James, meanwhile, had unwrapped a set of chess figures from his grandfather, a large amount of Falmouth Falcons merchandise sent by various relatives, a limited edition copy of 'Quidditch Through the Ages', several pairs of socks, a scarf, a woolly hat and gloves all in Gryffindor colours from his grandmother, who was fond of knitting, and had just uncovered a substantial hamper containing all his favourite sweets and the latest Zonkos products, sent by his parents.
Both James and Sirius received jars of Bertie Botts Every Flavour Beans from Peter. Wanting to prolong the present opening, they stopped for refreshments.
Sirius popped a bright-red bean into his mouth and chewed. James stopped his unwrapping and watched Shim with interest.
"Cherry," Sirius declared at last. "Not bad."
James picked up a brown bean and examined it. "Could be anything," he muttered, but it turned out to be chocolate.
They ate without serious mishap (although James had to spit out a Stilton-flavoured bean), until Sirius came across a sickly-green bean peppered with brown spots.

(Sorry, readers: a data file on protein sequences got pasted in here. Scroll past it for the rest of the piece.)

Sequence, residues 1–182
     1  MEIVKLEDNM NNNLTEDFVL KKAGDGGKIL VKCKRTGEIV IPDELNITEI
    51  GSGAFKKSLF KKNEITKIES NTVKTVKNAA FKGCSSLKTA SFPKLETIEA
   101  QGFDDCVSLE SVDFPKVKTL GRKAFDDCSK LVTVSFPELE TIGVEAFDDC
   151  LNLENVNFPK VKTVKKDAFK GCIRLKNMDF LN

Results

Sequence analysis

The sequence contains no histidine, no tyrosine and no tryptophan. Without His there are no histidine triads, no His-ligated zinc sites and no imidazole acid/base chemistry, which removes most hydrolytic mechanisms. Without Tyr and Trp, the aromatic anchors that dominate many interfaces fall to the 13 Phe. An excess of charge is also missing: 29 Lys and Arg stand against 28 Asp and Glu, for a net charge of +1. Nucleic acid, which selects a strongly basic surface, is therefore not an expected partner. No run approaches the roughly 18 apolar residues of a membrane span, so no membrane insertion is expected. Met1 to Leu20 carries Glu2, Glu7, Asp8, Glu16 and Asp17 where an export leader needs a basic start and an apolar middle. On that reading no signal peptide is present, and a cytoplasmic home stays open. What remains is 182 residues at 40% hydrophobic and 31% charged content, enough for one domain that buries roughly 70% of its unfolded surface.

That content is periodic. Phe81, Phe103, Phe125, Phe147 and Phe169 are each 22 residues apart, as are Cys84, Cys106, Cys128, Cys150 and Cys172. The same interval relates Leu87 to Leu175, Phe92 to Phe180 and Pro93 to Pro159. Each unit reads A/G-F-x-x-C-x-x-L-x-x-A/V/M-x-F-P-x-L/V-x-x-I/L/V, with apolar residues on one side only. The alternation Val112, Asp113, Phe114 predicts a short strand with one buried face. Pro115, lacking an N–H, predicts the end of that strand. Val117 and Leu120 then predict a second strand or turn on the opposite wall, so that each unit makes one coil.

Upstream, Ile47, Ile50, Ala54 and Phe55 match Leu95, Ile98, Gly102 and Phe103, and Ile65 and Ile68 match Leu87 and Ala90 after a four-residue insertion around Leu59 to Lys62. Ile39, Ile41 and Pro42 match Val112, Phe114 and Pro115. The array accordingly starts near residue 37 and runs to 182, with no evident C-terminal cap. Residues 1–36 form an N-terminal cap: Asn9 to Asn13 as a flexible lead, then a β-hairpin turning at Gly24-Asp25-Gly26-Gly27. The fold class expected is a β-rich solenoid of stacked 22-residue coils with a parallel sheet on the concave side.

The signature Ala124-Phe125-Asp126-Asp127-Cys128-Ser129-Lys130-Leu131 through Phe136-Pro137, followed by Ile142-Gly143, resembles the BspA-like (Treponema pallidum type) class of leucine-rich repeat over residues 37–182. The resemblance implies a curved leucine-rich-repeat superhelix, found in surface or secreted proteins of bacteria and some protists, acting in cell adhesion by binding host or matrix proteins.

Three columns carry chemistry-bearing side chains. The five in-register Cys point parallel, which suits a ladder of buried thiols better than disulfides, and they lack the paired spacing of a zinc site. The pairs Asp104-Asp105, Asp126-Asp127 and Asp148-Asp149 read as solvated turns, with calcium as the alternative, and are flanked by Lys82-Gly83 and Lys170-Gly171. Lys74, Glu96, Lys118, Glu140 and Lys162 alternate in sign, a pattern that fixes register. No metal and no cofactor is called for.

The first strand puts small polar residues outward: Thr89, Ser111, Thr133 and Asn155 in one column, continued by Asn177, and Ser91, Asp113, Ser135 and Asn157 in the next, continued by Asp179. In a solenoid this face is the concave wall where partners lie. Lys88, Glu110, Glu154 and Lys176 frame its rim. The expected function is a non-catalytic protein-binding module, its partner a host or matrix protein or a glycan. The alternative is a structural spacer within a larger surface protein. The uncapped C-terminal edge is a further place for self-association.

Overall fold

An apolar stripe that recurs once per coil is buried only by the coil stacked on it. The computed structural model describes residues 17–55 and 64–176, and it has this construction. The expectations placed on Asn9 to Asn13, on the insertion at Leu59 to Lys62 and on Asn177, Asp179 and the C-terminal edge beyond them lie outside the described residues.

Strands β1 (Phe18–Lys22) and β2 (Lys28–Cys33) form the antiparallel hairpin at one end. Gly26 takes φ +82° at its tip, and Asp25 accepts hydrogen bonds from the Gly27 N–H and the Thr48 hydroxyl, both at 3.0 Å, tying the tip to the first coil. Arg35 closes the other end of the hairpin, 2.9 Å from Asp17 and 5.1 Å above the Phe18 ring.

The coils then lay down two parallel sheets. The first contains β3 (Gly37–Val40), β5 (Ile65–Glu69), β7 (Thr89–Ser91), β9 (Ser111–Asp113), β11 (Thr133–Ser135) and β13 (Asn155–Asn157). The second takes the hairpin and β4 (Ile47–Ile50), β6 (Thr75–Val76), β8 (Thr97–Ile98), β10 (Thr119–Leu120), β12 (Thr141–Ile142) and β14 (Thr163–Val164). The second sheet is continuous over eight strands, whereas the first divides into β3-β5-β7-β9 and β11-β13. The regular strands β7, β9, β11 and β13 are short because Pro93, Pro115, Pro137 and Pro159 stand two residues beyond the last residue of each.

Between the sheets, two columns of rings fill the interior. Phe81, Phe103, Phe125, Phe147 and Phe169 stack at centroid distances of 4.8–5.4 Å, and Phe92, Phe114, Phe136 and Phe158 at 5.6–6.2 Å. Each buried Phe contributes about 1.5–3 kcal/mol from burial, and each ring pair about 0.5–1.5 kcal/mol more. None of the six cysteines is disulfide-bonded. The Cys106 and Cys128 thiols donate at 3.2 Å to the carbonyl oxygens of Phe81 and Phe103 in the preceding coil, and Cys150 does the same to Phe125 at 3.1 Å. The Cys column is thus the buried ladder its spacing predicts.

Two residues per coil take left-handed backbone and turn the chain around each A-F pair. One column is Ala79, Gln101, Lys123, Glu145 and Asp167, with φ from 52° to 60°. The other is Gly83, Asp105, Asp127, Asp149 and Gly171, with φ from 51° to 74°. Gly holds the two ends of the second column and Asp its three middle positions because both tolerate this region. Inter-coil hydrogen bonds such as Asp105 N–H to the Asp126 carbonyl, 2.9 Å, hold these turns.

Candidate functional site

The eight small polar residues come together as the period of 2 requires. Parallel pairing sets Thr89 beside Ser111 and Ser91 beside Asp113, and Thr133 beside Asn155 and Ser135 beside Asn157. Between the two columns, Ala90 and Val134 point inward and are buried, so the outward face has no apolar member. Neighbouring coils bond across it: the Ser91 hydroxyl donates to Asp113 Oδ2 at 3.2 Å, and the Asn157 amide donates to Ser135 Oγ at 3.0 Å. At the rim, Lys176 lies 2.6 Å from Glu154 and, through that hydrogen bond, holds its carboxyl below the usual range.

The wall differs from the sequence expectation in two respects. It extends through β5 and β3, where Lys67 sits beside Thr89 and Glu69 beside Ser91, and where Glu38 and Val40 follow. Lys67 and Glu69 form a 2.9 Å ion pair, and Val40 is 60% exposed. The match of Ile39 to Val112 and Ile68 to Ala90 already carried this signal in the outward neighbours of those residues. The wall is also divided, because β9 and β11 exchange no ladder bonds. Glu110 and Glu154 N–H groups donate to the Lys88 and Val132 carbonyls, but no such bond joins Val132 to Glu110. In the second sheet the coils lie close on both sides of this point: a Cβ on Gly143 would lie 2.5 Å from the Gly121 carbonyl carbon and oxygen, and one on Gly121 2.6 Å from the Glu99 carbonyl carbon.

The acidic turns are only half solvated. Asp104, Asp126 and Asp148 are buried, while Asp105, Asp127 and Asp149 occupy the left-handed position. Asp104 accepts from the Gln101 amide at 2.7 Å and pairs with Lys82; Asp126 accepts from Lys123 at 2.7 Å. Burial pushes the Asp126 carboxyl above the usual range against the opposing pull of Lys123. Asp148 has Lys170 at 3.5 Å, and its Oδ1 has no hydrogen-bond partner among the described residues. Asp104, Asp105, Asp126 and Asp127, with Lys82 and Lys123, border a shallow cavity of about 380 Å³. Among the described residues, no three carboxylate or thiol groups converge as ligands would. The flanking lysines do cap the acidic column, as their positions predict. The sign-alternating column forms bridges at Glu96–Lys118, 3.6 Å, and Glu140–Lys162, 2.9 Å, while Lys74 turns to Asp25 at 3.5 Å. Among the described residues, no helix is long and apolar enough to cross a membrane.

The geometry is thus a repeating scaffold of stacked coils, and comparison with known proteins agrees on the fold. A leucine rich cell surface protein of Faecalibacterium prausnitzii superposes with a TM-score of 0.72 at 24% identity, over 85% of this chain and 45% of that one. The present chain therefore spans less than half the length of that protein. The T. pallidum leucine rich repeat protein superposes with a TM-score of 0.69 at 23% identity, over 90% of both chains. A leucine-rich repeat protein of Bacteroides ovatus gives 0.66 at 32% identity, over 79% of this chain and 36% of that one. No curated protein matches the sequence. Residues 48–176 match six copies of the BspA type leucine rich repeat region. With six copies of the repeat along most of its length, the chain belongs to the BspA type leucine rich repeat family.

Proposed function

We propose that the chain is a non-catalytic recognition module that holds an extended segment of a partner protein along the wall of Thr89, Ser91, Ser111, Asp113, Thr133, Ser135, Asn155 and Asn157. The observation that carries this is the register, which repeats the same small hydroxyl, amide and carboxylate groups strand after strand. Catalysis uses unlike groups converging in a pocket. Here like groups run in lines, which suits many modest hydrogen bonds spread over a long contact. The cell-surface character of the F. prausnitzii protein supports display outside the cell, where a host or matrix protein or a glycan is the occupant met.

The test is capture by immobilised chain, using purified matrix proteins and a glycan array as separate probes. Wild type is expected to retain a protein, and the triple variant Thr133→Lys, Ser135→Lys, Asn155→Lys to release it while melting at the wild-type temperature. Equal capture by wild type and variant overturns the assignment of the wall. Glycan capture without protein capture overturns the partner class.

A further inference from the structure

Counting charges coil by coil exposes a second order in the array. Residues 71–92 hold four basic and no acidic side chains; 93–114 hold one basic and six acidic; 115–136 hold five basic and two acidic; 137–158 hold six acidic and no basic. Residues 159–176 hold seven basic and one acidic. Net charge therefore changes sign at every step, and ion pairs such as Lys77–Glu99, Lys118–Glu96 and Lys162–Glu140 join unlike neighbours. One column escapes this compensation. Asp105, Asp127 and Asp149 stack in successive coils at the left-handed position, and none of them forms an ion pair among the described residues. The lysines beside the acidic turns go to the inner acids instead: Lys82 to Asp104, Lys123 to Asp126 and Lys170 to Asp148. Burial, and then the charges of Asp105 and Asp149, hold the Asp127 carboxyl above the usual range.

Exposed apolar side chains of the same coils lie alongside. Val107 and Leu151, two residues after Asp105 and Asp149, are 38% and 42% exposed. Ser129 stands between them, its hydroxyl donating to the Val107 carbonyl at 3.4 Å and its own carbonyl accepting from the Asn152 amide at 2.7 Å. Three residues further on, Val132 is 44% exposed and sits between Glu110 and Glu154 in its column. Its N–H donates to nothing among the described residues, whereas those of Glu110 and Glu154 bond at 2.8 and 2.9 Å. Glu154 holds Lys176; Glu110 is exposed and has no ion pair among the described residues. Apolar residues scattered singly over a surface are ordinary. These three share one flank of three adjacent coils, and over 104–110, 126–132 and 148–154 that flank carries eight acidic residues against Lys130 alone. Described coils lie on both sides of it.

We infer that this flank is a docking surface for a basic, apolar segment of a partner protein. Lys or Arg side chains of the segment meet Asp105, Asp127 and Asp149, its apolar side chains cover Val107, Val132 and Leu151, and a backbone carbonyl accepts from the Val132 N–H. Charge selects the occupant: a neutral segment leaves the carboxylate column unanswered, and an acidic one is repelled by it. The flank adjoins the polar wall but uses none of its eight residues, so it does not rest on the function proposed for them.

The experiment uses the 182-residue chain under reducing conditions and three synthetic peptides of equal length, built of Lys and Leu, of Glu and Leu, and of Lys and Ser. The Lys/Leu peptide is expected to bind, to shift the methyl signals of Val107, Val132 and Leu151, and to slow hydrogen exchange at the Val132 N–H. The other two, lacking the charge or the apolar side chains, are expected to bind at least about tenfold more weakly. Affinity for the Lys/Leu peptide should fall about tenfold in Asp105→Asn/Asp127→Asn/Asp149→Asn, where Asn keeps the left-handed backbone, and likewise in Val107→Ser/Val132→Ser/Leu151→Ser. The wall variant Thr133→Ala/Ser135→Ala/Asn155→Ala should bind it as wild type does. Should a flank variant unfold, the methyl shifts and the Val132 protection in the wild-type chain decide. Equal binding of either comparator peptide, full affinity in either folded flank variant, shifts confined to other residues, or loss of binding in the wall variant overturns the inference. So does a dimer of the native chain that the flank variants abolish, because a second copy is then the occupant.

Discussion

"That's going to be nasty," James said.
"As if I'm scared by a sweet," Sirius replied loftily. He began to eat the sweet with a determined air of indifference, but after a few bites, he froze. His cheeks puffed out, and his eyes bulged. He clapped his hands to his mouth and fled the room. The sound of retching was heard from the bathroom
James made an unsuccessful attempt not to laugh.
After a few minutes, Sirius reappeared, looking extremely shamefaced. "Toad," he said in a hoarse voice.
"Eurgh." James sympathised. "Why don't you have a Chocolate Frog to take away the taste?"
Sirius gave him a tragic look before turning his attention to his Christmas presents.
"James," said a much-recovered Sirius, holding up what appeared to be a blank piece of parchment a few minutes later. "Open your present from Remus."
Puzzled, James searched his diminished pile and came out with a flimsy, but well wrapped, present. He opened it with care. "It's the same as yours."
"Why on earth would he send us parchment?" Sirius said, poking at his parchment with his wand in disdain.
"Maybe he wants us to do our homework," James suggested.
But Sirius wasn't listening. Instead, he was looking down at his piece of parchment, a smile forming on his face. He scrabbled for his quill-box, brought out his raven-quill, and picked up a bottle of ink that was on his bedside table. He began to scribble on the parchment.
James had watched in bemusement, and had just turned his attention back to his presents, when he saw writing form on his blank piece of parchment. He grabbed it. Sirius's aristocratic scrawl read -